[Image: Pax runs while smiling and making a “V” sign with their fingers. Photo by Ziggy.]
Content note: Exercise and fitness discussion.
Watching the Summer Olympics inspired me to make another attempt at recommitting to a regular exercise schedule. As I miss racing, I’ve decided to run a minimum of three miles, six days a week. I’m doing a brief warmup in the morning and some yoga stretches in the evening, but otherwise not committing to any other fitness activities at this time. I’ve registered to run the Bridge to Bridge 12K in October and the Kaiser Half Marathon in February.
So far I’ve stuck to this schedule for a week, usually rising before 6 a.m. so that I can get out and back before too many people are out and about. These early run times will also be helpful as daytime temperatures rise in September and October; sweating under layers while cis men run bare-chested makes me seriously resentful and dysphoric. Even this morning, overcast and 55 degrees, I was sweating in a light windbreaker, but didn’t dare take it off to reveal my white T-shirt with nothing hiding my breasts underneath. While I hope to lose some of the fat I’ve accumulated on my chest and midsection, I will likely never be able to run topless safely, as I’ve written about before.
Reading the debate over South African runner Caster Semenya made me think about my own experience of running before and after starting testosterone therapy. While the gender policing of elite athletes is highly problematic and based on dubious or nonexistent scientific evidence, I have no hope or desire to compete at that level, and am no longer competing against women in any case. I noticed a marked improvement in my running times after starting my physical transition, but I’m now wondering how much of that was psychological as opposed to physical, as I didn’t come close to realizing my athletic potential when I had an estrogen-dominant body.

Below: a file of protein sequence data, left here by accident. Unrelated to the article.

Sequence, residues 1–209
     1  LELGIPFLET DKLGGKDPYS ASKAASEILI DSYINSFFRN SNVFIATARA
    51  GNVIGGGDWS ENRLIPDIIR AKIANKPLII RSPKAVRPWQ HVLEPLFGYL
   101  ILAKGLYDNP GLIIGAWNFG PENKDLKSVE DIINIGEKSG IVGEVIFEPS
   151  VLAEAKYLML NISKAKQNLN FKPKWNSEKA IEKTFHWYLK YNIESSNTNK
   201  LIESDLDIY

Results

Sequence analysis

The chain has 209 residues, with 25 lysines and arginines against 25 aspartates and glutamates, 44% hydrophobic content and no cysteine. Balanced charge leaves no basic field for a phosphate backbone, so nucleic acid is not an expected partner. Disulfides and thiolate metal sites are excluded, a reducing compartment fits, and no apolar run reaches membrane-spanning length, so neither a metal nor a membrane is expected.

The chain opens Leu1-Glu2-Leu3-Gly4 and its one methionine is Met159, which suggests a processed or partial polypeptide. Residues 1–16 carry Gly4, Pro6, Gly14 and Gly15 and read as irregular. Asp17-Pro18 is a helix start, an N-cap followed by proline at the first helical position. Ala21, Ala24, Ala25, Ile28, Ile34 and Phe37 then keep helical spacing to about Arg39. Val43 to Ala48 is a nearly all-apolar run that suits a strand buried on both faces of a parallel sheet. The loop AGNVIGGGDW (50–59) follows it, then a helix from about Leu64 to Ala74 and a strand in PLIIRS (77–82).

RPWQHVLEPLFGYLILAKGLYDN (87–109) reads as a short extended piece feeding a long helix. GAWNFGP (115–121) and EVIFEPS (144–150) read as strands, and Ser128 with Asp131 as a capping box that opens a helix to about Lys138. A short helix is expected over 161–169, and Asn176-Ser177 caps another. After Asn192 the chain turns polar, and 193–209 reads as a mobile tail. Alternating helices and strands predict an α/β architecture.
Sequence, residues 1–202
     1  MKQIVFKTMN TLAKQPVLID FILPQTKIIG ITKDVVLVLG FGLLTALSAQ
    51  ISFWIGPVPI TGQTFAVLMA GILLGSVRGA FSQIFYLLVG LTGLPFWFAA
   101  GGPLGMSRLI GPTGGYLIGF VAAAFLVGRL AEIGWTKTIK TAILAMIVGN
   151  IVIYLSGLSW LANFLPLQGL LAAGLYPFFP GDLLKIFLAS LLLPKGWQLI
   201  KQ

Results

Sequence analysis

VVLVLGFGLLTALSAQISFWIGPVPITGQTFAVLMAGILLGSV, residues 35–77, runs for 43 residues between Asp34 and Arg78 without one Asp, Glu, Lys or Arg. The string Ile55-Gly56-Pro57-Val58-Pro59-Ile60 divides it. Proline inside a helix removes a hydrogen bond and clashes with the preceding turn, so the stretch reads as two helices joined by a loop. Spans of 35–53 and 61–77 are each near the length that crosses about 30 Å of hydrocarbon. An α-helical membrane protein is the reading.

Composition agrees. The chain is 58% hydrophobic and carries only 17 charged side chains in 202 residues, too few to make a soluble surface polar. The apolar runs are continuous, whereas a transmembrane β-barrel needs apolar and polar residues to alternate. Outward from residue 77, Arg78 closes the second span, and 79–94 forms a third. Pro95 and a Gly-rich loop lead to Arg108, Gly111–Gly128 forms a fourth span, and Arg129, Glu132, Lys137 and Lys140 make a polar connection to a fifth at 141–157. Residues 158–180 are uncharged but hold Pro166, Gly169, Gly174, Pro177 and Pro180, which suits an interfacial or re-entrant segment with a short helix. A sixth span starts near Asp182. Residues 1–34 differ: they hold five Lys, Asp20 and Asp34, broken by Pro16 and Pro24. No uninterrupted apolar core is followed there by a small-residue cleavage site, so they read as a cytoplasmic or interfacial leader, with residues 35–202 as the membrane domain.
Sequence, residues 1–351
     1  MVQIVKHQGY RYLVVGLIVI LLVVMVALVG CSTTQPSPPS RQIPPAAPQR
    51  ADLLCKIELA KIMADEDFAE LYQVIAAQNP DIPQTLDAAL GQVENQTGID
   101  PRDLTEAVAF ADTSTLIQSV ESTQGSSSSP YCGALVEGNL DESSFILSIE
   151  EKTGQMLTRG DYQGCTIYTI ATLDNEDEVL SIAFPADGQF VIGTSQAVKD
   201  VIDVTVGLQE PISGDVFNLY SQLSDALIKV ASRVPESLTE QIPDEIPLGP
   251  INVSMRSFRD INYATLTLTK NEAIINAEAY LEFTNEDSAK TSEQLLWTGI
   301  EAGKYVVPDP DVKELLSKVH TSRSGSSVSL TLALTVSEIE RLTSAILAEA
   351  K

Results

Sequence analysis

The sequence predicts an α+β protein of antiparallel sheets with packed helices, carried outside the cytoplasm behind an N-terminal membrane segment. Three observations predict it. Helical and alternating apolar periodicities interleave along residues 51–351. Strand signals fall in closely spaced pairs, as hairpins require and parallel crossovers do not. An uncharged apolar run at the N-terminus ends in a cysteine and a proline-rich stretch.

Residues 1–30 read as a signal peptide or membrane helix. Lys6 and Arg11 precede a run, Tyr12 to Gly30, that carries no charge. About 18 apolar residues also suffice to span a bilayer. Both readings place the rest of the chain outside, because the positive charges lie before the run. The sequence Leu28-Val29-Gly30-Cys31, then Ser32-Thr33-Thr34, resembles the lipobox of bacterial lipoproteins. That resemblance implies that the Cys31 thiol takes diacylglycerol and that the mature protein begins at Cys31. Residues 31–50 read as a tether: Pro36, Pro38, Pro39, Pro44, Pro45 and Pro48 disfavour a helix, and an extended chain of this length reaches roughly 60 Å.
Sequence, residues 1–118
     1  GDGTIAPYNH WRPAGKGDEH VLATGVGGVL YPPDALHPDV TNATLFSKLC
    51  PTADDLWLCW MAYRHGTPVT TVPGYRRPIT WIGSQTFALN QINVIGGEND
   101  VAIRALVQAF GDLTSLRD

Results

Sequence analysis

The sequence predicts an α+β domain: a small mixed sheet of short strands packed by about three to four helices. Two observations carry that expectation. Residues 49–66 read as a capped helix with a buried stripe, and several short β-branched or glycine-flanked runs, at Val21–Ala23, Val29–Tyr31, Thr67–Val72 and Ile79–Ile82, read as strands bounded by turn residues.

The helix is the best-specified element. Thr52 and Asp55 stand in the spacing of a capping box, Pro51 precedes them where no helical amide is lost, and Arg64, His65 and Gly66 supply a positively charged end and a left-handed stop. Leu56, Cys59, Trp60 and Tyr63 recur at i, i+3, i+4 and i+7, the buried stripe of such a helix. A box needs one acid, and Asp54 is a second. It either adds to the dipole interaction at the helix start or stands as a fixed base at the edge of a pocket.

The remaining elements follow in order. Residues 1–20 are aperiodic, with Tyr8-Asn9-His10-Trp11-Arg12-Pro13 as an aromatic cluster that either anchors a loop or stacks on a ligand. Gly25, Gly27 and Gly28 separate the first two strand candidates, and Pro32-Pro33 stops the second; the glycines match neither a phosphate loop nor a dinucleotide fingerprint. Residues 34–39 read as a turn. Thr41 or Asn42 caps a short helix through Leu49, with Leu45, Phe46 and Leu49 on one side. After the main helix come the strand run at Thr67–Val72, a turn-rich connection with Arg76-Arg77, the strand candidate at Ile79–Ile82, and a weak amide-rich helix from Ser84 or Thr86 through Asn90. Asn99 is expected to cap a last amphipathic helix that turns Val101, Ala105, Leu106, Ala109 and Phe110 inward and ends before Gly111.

Regardless of my finishing times, one of my main motivations for running, aside from improving my physical health, is to make sure I get out of the house at least a few hours a week. I’ve sunk so far into depression and introversion that it’s been unusual for me to leave the apartment more than a couple of times a week. Spending most of my days sitting in front of the computer or TV hasn’t made me feel good. I remember a quote from ultramarathon runner Dean Karnazes: “Somewhere along the way we confused comfort with happiness.” Getting up at 5:30 a.m. and dealing with fatigue and aching, atrophied muscles is uncomfortable, but it’s just what I need right now.
Of course, this “pain is good” philosophy can be taken too far. When I was in marathon training back in 2012-2013, I read the autobiographies of Karnazes and several other ultrarunners: Scott Jurek, Marshall Ulrich, Rich Roll, and Christopher Bergland. As this was not only before my transition, but also before I was “woke”, it didn’t dawn on me at the time that all of these books were written by white cis men. Most of them had faced personal losses of some kind—divorce, death of a spouse or family member—which had motivated their efforts. But aside from Bergland, who is openly gay and was assaulted for it, none have faced the kind of daily microaggressions that come with being judged for your very existence, as those of us who have brown skin and/or trans bodies know all too well.
The challenge of just surviving in this body is enough that I don’t want to burden myself with unrealistic athletic goals. My long runs got less and less rewarding the further I went beyond 13.1 miles (half marathon distance). I don’t relish the idea of spending hours and hours training for a full marathon again just to see if I can beat my pre-transition finishing time. The 26.2 mile distance is arbitrary and totally unnecessary for fitness purposes, which I knew well before I accepted the challenge from Karnazes to complete it. It’s great for Karnazes that he ran 50 marathons in 50 states in 50 days, and that he, Jurek, and Ulrich have all completed the 135 mile Badwater Ultramarathon in Death Valley multiple times, but I don’t need to attempt anything like that to prove myself.
Truthfully, I have no idea what I’m capable of, mentally or physically. I have a transsexual male body, which is a configuration relatively few people have experienced. I use the term “transsexual” deliberately despite it falling out of favor, and will continue to defend its use by trans people who chose that identifier for themselves. Regardless, I can’t just look at charts that presume a male/female binary to assess or predict my performance. I’m charting new territory with each step. I can only hope to find some enjoyment and fulfillment in the process.